Alastair Cook admitted to a sense of relief after England dodged the Cardiff rain for long enough to defeat New Zealand and secure a Champions Trophy semi-final berth.
An abandonment of England’s final Group A fixture - and a significant dent to the hosts’ qualification hopes – looked to be on the cards when persistent showers delayed the start of play by more than five hours.
Yet there was still enough time to squeeze in a reduced contest of 24-overs-a-side and England ultimately prevailed by 10 runs when defending a total of 169 all out underpinned by Cook’s 47-ball 64.
"At the end of the day, we just wanted to get through to the semi-finals and keep things in our own hands,” said Cook, who was dropped three times by Nathan McCullum.
“It was a relief we managed to get on with the weather and it was a pretty good performance.
“It is tricky batting first in a 24-over game to know what a good score is, but we got a competitive total and I thought we bowled very well.”
New Zealand were always on the back foot in their chase, which featured a defiant 67 from Kane Williamson, after losing both openers in James Anderson’s second over.
“Clearly, we knew that those first overs would be key,” Cook added.
“It is important you strike early when you are defending and I thought in those first four overs it was fantastic bowling by Jimmy Anderson and Stuart Broad when the ball nipped around a bit.”
By the time skipper Brendon McCullum became the fourth batsman to depart, in the 12th over, the asking rate for the Black Caps was approaching 10 an over.
Williamson and debutant Corey Anderson did their best to keep the game alive, but England, for whom Ravi Bopara also impressed with 2-26 from five overs, were not to be denied.
“We managed to keep taking wickets when we needed to,” reasoned Cook.
“Normally you have five bowlers in Twenty20 but Ravi did a fantastic job as did James Tredwell (who played in place of the injured Graeme Swann).”
England now top Group A, but could yet be deposed if Sri Lanka record a comprehensive win over Australia at The Oval tomorrow.
It therefore remains to be seen whether Cook et al will take on India or South Africa in the last four, but the captain insists he has no preference.
“We don't mind who we play; we are just glad to be in there,” he said.
“We had a quarter-final in one way today and now we look forward to a semi-final, whoever that may be against, and we are looking forward to playing well.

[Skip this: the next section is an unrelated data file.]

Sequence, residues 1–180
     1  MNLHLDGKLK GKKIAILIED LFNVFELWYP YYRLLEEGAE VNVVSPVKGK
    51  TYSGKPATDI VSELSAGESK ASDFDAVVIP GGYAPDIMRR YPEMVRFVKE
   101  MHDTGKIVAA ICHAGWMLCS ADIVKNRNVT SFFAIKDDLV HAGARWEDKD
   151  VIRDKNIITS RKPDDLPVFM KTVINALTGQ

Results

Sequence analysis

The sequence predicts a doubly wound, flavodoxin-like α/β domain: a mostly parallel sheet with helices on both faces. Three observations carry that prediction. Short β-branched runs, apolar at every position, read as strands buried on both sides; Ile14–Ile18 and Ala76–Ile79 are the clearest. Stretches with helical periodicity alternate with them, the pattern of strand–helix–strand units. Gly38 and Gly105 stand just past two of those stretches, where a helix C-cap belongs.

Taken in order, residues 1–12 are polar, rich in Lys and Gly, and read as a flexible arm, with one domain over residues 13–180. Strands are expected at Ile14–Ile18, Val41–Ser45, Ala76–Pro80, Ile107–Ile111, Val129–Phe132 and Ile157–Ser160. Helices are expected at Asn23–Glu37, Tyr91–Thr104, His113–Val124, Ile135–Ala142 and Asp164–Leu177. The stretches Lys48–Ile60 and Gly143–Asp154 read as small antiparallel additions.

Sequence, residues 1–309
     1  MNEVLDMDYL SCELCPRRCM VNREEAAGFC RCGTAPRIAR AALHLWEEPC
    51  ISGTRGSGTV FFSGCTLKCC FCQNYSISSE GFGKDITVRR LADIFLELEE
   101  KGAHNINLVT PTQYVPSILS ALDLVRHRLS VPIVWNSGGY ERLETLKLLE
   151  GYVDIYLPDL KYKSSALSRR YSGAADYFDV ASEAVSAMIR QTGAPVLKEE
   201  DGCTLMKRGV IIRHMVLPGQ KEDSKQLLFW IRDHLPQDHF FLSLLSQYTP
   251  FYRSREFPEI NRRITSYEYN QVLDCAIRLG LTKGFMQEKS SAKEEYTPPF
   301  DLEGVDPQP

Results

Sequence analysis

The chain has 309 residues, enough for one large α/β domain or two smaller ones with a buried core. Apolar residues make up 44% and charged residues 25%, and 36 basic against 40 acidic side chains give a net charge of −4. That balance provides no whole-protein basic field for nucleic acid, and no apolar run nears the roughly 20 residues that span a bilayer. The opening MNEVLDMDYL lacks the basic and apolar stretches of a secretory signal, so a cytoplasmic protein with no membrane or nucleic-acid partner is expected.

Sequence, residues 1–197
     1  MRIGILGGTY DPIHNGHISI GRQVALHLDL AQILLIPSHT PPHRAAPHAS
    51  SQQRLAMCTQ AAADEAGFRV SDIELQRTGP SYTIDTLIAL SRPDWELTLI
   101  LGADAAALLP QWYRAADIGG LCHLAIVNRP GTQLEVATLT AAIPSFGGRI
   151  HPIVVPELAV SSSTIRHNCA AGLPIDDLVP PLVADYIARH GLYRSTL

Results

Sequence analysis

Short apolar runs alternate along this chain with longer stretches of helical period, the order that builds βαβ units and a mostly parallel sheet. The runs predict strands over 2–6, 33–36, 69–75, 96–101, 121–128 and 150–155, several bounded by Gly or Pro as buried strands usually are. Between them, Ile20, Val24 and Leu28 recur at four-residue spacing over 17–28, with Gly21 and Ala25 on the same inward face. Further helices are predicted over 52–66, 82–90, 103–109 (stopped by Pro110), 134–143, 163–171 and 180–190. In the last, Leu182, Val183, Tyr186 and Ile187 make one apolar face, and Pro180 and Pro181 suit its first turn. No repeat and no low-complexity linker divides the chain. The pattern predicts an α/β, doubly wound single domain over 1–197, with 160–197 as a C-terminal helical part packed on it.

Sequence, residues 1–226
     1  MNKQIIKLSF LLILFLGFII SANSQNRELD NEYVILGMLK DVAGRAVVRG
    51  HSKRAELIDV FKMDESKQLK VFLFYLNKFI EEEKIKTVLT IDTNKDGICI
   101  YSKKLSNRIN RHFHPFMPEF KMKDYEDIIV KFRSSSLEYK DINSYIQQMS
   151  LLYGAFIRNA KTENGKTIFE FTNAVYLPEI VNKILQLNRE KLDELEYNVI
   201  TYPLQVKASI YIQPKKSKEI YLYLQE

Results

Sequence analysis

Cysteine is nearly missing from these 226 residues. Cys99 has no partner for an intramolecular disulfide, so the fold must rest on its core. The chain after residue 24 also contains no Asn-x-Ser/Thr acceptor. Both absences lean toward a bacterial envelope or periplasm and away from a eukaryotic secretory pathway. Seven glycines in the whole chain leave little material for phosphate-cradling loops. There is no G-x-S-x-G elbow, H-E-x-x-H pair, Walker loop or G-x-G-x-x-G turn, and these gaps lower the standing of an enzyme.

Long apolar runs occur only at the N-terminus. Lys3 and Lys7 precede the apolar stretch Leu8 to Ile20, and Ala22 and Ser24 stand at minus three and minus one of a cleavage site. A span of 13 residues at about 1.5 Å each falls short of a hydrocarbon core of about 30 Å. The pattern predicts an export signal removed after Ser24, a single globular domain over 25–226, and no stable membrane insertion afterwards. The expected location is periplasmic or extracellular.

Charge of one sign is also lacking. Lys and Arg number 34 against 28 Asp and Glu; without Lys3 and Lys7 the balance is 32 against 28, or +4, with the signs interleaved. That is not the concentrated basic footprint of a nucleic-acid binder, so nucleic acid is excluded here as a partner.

“Any of the sides in this Champions Trophy would be dangerous to play and you have to be at the top of your game to win.”
New Zealand can still join England in the semi-finals, but now require assistance from elsewhere.
A Sri Lankan victory tomorrow would send the Black Caps home, while Australia must win handsomely if they are to overhaul their neighbours on net run-rate.
“It’s never nice when you leave destiny in someone else’s hands,” said New Zealand skipper Brendon McCullum.
“We’ve obviously got to watch tomorrow’s game and see what unfolds. We had our opportunity today and we passed it up.”
There was laughter among the assembled journalists when McCullum was asked if he has faith in Australia to do New Zealand a favour.
“We’ll see what unfolds I guess,” he replied with a smile.
“We would love Australia to play some excellent cricket tomorrow but obviously not too good either.
“As I said earlier, we had our opportunity today and we missed out, so if we find ourselves out of the tournament we can’t be upset.
“But if we do get another opportunity through Australia doing the job for us tomorrow, then who knows what can happen in that semi-final?”
Reflecting on his team's defeat in Cardiff, McCullum added: “I thought we did a really good job with the ball, especially in the latter part of that innings, to restrict them to the score that we did.
“We were comfortable chasing that total, but they bowled brilliantly at the start and put us under a lot of pressure.”